Andrew Logue and Rick Brown break down the Hawkeye-Panther matchup.
IOWA CITY, Ia. – Admit it, this is sort of fun.
When the college football season kicks off at 11 a.m. Saturday in Kinnick Stadium, you'll have more than a passing interest, because the outlook seems rosy for Iowa and Northern Iowa is a familiar thorn.
"There's something about playing somebody inside your state that gets everybody a little bit more hyped," Hawkeye tailback Damon Bullock said. "They've been trying to take us out for a while, so it's definitely a great rivalry game.
"It's going to be missed."
Bullock was referring to a shift in the Big Ten's scheduling philosophy, away from matchups against the NCAA's Football Championship Subdivision programs, such as the Panthers.
The idea is to create better non-conference games, even though last season's opening week saw seven FCS teams score wins over Football Bowl Subdivisions schools – on the road.
"You can't look past anybody," Iowa defensive tackle Carl Davis said. "(Northern Iowa) is going to be a great opponent. They've got a great running back. They've got a good offensive line, quarterbacks and receivers.
"I'm sure they've got good coaches, also."
Davis wasn't just recycling a company line. The Panthers and coach Mark Farley have earned state-wide respect, which makes this game more intriguing than a date with FBS opponents such as Ball State (which visits Iowa City next week), or even Northern Illinois (a mid-major power that split season-opening games against Iowa in 2012 and 2013).
The Panthers haven't beaten Iowa since 1898 – losing 15 straight in the series – but if you forgot about their 28-20 win at Iowa State a year ago, you may remember the Hawkeyes' narrow 17-16 escape in 2009.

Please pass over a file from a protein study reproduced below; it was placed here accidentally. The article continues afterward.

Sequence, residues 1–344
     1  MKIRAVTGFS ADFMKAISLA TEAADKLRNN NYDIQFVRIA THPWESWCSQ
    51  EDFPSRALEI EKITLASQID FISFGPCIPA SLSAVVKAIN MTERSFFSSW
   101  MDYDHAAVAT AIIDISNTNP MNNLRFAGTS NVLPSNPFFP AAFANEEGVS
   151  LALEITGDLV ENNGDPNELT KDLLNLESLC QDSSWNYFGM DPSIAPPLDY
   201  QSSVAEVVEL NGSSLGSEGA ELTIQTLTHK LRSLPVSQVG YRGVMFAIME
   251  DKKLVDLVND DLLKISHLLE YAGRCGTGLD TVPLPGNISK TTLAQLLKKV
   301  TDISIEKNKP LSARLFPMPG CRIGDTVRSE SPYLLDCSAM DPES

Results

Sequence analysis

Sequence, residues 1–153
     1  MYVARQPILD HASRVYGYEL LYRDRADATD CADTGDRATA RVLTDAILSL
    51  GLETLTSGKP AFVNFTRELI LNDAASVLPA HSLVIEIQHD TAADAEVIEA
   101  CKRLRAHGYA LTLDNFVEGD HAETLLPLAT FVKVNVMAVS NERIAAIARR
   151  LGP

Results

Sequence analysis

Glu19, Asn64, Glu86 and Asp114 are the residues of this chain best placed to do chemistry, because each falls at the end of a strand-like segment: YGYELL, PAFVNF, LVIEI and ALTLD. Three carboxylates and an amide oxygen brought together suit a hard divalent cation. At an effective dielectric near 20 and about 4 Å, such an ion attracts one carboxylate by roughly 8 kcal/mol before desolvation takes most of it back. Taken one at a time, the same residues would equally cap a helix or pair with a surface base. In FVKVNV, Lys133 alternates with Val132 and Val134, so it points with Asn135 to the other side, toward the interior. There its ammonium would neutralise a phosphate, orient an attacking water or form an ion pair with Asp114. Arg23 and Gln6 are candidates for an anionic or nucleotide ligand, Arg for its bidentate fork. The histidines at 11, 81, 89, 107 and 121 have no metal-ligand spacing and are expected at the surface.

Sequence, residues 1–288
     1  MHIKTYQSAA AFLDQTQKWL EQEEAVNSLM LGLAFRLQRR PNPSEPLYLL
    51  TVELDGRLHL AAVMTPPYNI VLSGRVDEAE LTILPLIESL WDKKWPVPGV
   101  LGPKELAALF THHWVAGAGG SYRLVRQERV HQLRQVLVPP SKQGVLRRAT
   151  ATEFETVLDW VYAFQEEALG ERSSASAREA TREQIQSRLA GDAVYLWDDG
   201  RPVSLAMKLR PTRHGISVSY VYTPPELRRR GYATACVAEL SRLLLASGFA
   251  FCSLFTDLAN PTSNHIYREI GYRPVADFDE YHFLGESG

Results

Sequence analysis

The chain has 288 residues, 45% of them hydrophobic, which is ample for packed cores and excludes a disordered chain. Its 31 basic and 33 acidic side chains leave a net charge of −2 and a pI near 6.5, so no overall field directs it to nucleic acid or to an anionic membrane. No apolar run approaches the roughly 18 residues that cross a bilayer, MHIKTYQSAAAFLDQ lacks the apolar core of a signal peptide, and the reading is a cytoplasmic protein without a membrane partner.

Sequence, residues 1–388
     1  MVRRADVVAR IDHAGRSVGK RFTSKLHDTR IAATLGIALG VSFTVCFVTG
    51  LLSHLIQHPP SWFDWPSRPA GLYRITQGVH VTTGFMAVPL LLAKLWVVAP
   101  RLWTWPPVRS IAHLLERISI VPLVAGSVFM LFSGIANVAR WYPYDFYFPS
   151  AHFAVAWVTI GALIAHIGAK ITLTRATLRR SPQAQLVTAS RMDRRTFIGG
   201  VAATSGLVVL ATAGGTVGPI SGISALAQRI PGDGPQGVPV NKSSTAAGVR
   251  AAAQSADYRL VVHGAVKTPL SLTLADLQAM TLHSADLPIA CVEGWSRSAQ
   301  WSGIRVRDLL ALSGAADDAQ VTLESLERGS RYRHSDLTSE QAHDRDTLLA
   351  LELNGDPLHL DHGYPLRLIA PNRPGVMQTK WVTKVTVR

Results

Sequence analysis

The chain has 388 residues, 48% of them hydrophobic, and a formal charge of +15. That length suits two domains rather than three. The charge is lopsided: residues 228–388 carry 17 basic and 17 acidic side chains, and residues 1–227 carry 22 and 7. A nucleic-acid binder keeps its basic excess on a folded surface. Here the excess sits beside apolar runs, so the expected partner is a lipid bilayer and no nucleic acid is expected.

"They've challenged every team they've played, pretty much," Iowa running back Mark Weisman said. "It's going to be a great challenge for us."
The relationship between Iowa and UNI is rooted in recruiting.
Beloved former Hawkeyes such as Allen Reisner, Brandon Myers and Tanner Miller all considered playing for the Panthers before officially wearing the black and gold.
"There are a lot of good football players at all levels," Iowa coach Kirk Ferentz said. "People don't realize how fine a line it is."
The Hawkeyes began this week with two potential starting linebackers, Bo Bower and Josey Jewell, who might have been entering the visitors' pink locker room Saturday morning.
"I learned a long time ago, 'Never worry about the ones you don't get, take care of the ones who have been with you,''' Farley said. "It goes back to the quality of (high school) football in Iowa, and we're very underrated as a state."
Injuries forced Weisman to move from fullback to running back
The Panthers have celebrated their share of rags-to-riches successes.
Former all-pro quarterback Kurt Warner tops a list of UNI luminaries that includes ex-NFL most valuable player Bryce Paup.
Paup's son, Alex, is currently a starting linebacker for the Panthers.
"With FBS, there is a certain draw," Farley said. "Yet, at the end of the day, the most important thing any individual will tell you after they're done is, the amount of playing time.
"It's one thing to be on those (FBS) teams, but until you break the huddle in a game … that's the experience we all dream about."
So don't tell the Hawkeyes or Panthers this showdown lacks appeal.
"It kind of makes me upset when people say that," Davis said. "Those guys are hungry. A couple years ago, they almost beat Wisconsin.
"We're just trying to make sure that doesn't happen to us."